03 Oct 2012:
Major Policy Shifts Needed
To Maintain Decline in U.S. CO2 Emissions
A decline in U.S. carbon emissions in recent years is unlikely to continue over the long term
unless there is a significant shift in how the nation produces and uses its energy, according to a new analysis. While several factors have triggered a 9 percent decline in annual carbon emissions in the U.S. since 2005 — including a decrease in the use of coal-fired electricity as a result of the natural gas boom — the most significant factor has been the economic recession, according to the group Climate Central. As the economy recovers, any reductions in greenhouse gas emissions will likely be offset by increased incomes that drive an greater demand for vehicles, electrical appliances, and other consumer products.
calculates that U.S. carbon emissions can be reduced 38 percent below 2005 levels by 2035 if several hypothetical changes occur. These include the number of miles driven remaining at today’s level and average vehicles achieving fuel efficiency of 55 miles-per-gallon; significant gains being made in the efficiency of energy-consuming equipment; natural gas continuing to reduce the share of coal-burning technologies; coal-burning systems being equipped with carbon-capture systems; or renewable energy replacing coal altogether.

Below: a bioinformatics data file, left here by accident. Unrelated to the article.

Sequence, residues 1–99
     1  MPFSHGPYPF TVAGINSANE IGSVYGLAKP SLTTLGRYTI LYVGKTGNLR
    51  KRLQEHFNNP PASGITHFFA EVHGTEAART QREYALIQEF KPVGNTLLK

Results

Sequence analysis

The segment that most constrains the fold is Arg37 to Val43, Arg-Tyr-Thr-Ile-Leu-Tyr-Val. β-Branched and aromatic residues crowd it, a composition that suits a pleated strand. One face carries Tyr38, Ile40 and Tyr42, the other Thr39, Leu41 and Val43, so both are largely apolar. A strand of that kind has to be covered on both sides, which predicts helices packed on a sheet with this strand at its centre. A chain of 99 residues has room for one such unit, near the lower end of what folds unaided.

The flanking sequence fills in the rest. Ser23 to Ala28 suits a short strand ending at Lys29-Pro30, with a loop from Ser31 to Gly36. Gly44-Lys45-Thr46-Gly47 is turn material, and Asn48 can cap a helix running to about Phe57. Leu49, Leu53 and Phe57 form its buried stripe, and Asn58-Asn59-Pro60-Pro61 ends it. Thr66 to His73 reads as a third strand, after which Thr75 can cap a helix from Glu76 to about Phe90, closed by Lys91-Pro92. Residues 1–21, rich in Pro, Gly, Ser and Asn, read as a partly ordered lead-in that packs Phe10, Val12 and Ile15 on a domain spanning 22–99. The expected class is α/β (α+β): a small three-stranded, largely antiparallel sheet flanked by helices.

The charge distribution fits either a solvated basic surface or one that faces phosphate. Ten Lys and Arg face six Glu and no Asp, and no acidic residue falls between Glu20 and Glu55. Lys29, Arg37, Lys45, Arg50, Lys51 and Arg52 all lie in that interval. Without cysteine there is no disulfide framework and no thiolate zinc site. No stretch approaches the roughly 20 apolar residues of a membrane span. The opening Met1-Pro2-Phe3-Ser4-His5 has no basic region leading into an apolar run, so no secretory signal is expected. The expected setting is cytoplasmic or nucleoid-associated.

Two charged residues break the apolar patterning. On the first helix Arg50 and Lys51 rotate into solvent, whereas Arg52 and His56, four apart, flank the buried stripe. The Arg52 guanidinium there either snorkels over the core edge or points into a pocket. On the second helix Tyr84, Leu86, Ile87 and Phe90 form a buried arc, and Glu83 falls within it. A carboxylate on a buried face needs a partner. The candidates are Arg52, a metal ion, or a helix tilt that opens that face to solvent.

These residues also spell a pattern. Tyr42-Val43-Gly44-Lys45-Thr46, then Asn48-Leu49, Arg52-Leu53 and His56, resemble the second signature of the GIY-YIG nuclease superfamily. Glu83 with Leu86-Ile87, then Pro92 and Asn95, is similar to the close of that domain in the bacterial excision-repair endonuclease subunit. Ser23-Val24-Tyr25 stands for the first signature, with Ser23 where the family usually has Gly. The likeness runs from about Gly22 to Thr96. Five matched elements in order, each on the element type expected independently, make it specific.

Yale Environment 360 is
a publication of the
Yale School of Forestry
& Environmental Studies
Yale Environment 360
articles are now available in Spanish and Portuguese on Universia
, the online educational network. Visit the site.
Business & Innovation
Policy & Politics
Pollution & Health
Science & Technology
Antarctica and the Arctic
Central & South America
A look at how acidifying oceans could threaten the Dungeness crab, one of the most valuable fisheries on the U.S. West Coast. Watch the video.
is now available for mobile devices at e360.yale.edu/mobile
An aerial view of why Europe’s per capita carbon emissions are less than 50 percent of those in the U.S. View the photos.
An indigenous tribe’s deadly fight to save its ancestral land in the Amazon rainforest from logging. Learn more.
video series looks at the staggering amount of food wasted in the U.S. – a problem with major human and environmental costs. Watch the video.
Residents of the Chocó Rainforest in Ecuador are choosing to plant cacao over logging in an effort to slow deforestation.
Watch the video.
Tribal people and ranchers join together to stop a project that would haul coal across their Montana land. Watch the video.